It is for us the living, rather, to be dedicated here to the unfinished work which they who fought here have thus far so nobly advanced. It is rather for us to be here dedicated to the great task remaining before us -- that from these honored dead we take increased devotion to that cause for which they gave the last full measure of devotion -- that we here highly resolve that these dead shall not have died in vain -- that this nation, under God, shall have a new birth of freedom -- and that government of the people, by the people, for the people, shall not perish from the earth.
These words spoken by Abraham Lincoln almost 150 years ago still ring true with power today. For the past 235 years men and women have stepped forward and laid their lives down to the cause of the noble democratic experiment called the United States. Same call it a sacrifice, but it is much more than that…Lincoln’s phrase “last full measure of devotion” strikes most truly to me. Soldiers don’t sign up to die for their country, they don’t sign up to die for their unit, or their buddies…but die they do, for it is demanded of soldiers to die.
"Forward, the Light Brigade!"
Was there a man dismay'd?
Not tho' the soldier knew
Someone had blunder'd:
Theirs not to make reply,
Theirs not to reason why,
Theirs but to do and die:
Into the valley of Death
Rode the six hundred.
Yes, soldiers die because war is the extension of diplomacy by other means…they die because of blunders…they die even when everything goes right. They die so that we can enjoy the blessings of liberty, blessings that we don’t always appreciate.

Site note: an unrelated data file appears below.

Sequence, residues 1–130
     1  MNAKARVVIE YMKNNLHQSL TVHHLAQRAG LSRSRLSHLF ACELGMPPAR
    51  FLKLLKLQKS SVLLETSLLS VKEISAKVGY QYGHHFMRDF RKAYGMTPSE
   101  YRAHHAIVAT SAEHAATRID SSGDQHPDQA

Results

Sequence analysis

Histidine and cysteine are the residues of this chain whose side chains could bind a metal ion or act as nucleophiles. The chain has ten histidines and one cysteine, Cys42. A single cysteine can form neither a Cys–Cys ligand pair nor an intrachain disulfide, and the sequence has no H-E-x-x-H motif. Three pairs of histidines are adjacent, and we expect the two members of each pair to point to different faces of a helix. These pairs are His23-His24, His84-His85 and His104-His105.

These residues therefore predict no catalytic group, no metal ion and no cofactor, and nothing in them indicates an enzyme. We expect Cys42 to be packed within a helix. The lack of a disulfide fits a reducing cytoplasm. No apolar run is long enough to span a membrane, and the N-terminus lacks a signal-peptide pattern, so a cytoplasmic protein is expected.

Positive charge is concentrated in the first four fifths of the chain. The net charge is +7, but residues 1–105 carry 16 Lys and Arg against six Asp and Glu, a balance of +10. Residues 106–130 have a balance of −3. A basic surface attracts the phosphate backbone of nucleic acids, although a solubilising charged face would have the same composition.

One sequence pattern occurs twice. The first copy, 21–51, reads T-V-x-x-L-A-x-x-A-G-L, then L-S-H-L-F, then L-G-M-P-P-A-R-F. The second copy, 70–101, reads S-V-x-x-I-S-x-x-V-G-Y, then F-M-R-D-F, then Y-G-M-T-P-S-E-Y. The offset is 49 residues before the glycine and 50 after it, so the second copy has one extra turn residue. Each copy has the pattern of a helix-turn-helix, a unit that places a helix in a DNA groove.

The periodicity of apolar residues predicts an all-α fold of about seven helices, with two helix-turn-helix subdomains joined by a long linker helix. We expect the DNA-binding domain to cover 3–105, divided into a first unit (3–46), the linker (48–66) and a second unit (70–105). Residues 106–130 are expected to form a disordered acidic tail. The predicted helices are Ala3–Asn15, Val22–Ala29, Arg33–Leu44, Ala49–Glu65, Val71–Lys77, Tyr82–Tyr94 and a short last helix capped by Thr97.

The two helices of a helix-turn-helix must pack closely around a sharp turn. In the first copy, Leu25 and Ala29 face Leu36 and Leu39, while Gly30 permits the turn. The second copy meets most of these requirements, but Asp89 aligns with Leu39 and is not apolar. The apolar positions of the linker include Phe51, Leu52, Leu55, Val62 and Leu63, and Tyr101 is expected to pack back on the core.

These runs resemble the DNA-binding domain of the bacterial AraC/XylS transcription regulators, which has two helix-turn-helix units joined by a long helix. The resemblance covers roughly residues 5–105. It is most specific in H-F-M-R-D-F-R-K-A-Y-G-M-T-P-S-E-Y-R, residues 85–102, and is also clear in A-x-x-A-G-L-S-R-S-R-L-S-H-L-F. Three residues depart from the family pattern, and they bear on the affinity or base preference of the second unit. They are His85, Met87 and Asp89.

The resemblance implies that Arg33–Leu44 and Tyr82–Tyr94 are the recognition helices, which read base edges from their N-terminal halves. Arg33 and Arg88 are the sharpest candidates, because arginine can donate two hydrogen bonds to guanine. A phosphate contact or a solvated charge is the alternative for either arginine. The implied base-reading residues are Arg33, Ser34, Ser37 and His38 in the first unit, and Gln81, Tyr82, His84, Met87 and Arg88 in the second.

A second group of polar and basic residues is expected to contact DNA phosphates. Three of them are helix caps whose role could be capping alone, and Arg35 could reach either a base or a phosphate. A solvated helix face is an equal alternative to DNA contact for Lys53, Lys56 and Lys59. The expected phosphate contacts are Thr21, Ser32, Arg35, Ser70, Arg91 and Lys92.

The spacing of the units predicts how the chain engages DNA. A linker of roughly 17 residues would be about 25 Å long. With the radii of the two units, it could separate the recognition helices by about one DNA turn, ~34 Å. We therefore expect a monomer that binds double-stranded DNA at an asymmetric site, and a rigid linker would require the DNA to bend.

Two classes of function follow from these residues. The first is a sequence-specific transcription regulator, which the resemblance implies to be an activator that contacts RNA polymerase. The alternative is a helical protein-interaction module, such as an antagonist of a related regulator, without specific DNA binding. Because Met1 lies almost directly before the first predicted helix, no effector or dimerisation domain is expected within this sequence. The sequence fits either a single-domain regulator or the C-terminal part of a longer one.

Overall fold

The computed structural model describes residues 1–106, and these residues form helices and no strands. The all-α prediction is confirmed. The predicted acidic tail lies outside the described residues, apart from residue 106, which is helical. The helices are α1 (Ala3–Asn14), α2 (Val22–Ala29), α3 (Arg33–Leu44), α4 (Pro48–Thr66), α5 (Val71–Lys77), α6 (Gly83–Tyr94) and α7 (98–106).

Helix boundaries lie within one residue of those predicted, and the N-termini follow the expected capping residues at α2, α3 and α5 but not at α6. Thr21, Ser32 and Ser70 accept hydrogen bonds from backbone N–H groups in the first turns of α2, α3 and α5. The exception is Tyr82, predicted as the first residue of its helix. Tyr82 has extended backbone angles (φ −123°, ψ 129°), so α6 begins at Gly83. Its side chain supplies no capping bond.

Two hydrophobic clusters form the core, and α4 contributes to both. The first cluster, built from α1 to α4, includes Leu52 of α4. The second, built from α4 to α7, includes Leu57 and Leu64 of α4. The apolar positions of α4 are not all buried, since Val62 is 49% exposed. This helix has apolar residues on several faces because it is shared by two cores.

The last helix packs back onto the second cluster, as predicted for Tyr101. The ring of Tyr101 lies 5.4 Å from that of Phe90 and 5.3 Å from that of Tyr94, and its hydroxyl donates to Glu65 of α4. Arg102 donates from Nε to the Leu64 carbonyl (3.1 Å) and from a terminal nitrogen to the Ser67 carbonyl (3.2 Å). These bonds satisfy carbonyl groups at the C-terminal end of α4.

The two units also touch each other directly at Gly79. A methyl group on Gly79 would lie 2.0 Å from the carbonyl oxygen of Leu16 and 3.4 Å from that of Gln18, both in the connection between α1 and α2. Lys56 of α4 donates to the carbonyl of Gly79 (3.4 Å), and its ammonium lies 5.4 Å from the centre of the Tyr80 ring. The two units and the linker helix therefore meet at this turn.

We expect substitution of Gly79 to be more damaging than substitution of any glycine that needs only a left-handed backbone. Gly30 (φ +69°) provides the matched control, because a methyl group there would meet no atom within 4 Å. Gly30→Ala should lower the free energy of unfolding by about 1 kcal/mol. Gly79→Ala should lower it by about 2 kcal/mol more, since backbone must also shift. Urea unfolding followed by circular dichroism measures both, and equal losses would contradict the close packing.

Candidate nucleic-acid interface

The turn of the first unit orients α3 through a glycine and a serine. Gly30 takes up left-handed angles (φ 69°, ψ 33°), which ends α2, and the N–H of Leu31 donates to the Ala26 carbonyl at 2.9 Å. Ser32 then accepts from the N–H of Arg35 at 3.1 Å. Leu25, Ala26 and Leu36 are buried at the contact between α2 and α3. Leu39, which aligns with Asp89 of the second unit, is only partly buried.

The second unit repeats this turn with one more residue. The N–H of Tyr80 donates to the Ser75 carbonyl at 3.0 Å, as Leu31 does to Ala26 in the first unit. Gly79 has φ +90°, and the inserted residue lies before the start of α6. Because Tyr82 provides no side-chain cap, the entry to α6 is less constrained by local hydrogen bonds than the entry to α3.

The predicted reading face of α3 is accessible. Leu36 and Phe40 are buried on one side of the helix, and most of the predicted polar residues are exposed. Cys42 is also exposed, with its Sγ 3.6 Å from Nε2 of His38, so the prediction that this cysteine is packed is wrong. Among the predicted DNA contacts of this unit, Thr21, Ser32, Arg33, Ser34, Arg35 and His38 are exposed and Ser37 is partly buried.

Recently our small city had an election, only 519 people voted (in a city with roughly 9-10 thousand registered voters). More than that turned out for the rally for the football team as they went off to play in the state championship game.
But all is not grim. Be it for a single day, we try and honor those who secured our liberty with that last full measure…who did not reason why, but did and died…so that we may be free…even if it is free to be apathetic.
So, I have enjoyed my day bought with the blood of men the like of Marine 2LT James Cathey whom I read about in 2005. If you have not read his story Final Salute, please do so…it is one of the most moving stories I have read.
This photo and another from the story won a Pulitzer prize for photojournalism.
As I said, I have enjoyed my day off from work. I spend some time this day thinking of Soldiers like Lt Caffey, Lt Daniel Riordan, LTC Eric Kruger, and more than I can ever list here. I was lucky to never have to fight, and lucky that my Father came through WWII and Korea. That my Father-In-Law served safely as well. I hope that my memorial…to live…honors their lives spent for my freedom…and if it does not, then I am sorry.